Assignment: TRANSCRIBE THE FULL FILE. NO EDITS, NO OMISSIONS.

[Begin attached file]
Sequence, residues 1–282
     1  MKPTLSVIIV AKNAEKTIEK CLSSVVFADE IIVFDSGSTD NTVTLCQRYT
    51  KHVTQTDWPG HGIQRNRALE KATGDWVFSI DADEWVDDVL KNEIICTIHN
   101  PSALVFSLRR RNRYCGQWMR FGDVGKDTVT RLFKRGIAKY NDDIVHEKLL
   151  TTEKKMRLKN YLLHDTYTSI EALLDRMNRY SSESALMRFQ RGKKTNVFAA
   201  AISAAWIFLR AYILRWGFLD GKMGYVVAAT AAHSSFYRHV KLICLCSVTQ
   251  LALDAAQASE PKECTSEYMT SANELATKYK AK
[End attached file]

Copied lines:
Sequence, residues 1–282
     1  MKPTLSVIIV AKNAEKTIEK CLSSVVFADE IIVFDSGSTD NTVTLCQRYT
    51  KHVTQTDWPG HGIQRNRALE KATGDWVFSI DADEWVDDVL KNEIICTIHN
   101  PSALVFSLRR RNRYCGQWMR FGDVGKDTVT RLFKRGIAKY NDDIVHEKLL
   151  TTEKKMRLKN YLLHDTYTSI EALLDRMNRY SSESALMRFQ RGKKTNVFAA
   201  AISAAWIFLR AYILRWGFLD GKMGYVVAAT AAHSSFYRHV KLICLCSVTQ
   251  LALDAAQASE PKECTSEYMT SANELATKYK AK